In 1872 Mr. Purdon revived a portion of an idea of Mr. Brunel’s to make harbours on the Welsh Coast at Fishguard, and the Irish coast at Rosslare, near Wexford, with railways, to establish a short communication between the southern portion of each country. He surrendered the work in Wales to an old colleague, but Messrs. Purdon and Lewis designed harbour works for Rosslare, and laid out a railway from Wexford to the spot; a provisional order for both, and also a Government loan for the harbouqwere obtained, and both were comnzenced; but disagreements with the directors arose, and Messrs. Purdon and Lewis retired while the works were in progress. The railway has been made, but the harbour remains so incomplete as to be of little use.

In 1871 Mr. Purdon reported to the Dublin Corporation as to the desirableness of introducing tramways into that city. The report was approved and a company formed to carry out the plan. Some large capitalists intervened, willing to extend the scheme, the original promoters coalesced with them, and Messrs. Purdon and Lewis, jointly with Mr. George Hopkins, acted as engineers until the Bill was through Parliament, when they retired.

Shortly before Mr. Purdon started for India, an old relative, possessed of large landed estates in Ireland, offered to bequeath them to him upon his consenting to retire from the profession and, with his wife and family, reside with him; but he gratefully declined the offer, feeling that he would have to sacrifice much of his independence, and run the risk of a change of mind on the part of his relative. Subsequently the same relative made a will in favour of Mr. Purdon and his children, but shortly before his death executed another in favour of the son of Lord Longford. By much persuasion Mr. Purdon was induced to contest this latter will, and after a long trial in Dublin, obtained a verdict in his favour. Eventually, the parties agreed to an equal division of the property.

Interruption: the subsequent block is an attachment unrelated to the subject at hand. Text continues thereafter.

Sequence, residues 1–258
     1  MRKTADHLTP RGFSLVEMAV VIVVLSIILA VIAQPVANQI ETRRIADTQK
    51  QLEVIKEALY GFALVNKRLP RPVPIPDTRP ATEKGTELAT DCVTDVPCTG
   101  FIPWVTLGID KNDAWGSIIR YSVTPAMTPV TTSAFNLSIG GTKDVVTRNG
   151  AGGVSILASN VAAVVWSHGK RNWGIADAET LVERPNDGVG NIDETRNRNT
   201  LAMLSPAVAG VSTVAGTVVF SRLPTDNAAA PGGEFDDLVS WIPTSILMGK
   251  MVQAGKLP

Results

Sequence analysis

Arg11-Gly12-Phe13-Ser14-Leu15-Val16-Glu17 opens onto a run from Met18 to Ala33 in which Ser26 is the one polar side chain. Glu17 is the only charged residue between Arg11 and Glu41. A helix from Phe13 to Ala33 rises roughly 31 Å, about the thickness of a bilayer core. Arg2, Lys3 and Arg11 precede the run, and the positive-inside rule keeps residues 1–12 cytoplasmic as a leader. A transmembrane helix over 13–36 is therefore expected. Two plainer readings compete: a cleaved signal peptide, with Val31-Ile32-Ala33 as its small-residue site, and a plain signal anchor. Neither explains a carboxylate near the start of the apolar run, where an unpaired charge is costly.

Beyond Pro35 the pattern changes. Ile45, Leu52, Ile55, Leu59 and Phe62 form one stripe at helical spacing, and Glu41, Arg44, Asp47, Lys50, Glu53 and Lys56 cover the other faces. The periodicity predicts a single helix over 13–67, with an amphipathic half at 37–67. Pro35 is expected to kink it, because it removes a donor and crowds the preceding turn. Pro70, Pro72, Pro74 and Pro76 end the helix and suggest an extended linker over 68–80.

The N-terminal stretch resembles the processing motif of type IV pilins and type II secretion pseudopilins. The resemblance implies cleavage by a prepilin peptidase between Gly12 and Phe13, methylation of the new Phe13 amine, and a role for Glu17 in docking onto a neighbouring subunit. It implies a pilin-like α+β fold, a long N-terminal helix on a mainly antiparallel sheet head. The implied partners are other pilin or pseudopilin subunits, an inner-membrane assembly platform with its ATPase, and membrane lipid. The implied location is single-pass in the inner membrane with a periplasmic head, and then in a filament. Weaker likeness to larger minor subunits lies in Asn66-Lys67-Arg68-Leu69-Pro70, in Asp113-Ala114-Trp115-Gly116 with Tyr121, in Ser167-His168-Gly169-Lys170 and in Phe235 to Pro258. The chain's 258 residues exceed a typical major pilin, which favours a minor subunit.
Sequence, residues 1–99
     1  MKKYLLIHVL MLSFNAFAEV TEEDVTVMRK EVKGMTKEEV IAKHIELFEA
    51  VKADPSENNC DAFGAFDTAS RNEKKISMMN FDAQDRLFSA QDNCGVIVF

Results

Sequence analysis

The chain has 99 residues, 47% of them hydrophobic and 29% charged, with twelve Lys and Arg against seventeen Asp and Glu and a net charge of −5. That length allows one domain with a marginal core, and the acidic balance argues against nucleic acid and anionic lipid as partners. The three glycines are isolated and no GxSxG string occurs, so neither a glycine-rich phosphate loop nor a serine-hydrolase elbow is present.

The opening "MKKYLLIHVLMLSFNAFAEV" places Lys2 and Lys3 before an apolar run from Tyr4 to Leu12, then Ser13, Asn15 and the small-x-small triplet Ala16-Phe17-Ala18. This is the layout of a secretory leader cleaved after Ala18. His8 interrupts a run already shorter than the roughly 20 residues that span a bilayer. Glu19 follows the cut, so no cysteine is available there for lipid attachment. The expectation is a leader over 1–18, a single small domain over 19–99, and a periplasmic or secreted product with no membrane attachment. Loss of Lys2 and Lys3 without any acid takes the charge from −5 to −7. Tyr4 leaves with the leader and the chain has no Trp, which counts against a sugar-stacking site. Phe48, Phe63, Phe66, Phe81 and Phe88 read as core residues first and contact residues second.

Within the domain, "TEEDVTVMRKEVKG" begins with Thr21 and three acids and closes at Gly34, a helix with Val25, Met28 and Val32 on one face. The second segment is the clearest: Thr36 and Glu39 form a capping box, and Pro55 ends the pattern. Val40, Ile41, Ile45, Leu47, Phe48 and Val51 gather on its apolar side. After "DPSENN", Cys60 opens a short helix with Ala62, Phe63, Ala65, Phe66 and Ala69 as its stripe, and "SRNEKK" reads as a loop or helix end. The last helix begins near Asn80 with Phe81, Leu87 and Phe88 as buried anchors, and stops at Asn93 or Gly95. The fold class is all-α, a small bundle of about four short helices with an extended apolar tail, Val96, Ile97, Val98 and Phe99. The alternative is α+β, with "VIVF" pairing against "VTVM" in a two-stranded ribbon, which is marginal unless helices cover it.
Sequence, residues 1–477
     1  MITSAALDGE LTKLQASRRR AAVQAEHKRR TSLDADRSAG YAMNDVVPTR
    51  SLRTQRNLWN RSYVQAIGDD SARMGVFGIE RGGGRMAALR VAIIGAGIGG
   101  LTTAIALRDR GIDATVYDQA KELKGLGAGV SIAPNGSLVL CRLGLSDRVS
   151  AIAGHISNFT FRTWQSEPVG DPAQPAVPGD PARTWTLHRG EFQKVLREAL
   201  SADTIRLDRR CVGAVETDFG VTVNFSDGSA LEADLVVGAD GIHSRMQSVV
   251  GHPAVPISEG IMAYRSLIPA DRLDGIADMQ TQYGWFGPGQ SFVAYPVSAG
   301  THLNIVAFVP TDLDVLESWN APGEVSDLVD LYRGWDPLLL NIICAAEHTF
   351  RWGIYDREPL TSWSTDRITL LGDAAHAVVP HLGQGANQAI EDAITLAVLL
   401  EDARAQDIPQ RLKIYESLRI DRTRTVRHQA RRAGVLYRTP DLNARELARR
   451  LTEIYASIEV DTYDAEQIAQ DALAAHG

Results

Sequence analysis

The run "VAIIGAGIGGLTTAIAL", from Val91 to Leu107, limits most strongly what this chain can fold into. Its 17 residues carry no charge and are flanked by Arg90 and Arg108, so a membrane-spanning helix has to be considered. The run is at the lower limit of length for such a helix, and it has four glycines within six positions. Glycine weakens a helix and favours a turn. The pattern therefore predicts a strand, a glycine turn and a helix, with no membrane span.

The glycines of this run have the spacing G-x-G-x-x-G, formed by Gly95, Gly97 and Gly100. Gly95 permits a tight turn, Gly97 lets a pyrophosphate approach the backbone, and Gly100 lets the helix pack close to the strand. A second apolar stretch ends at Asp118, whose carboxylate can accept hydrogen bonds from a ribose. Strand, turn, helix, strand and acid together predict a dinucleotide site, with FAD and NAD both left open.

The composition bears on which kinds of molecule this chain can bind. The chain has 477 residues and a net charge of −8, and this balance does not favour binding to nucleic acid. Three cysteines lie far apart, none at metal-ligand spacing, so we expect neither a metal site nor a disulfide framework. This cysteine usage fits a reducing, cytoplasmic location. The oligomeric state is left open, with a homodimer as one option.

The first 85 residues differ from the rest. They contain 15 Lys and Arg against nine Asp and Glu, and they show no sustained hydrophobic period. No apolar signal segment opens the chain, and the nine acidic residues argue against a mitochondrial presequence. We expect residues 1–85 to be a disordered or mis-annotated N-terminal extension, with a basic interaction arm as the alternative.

Mr. Purdon was of a large and sympathetic nature, and wherever he went drew to himself and retained strong friendships. His mind was singularly strong, clear and capacious; he investigated every subject he took up with dogged pertinacity until he had traced it through every intricacy, and had a clear conception of it which he could place before another mind without fear of causing misconception. He took infinite pains before arriving at a conclusion, but when this was reached he clung to it tenaciously; his judgment was sound and seemed at once to correctly assess the proportionate value of facts. His habit was to jot down in the form of memorandums his reasonings concerning any important matter, and hand the papers to some one in whom he placed confidence for perusal and remark.

In 1880 Mr. Purdon gave up professional work. A singular but great change came over his character, no doubt the result of overanxiety respecting the health of his only daughter. The mind which had been so powerful and energetic suddenly appeared to be over-fatigued; and while capable of enjoying society, travelling, and his ordinary home occupations as heretofore, he refused all mental exertion, referring the simplest questions requiring thought to his sons or to other people. Fortunately, his surroundings were very happy, and he spent the remainder of his life in much comfort until he passed away after a brief illness on the 14th of February, 1889.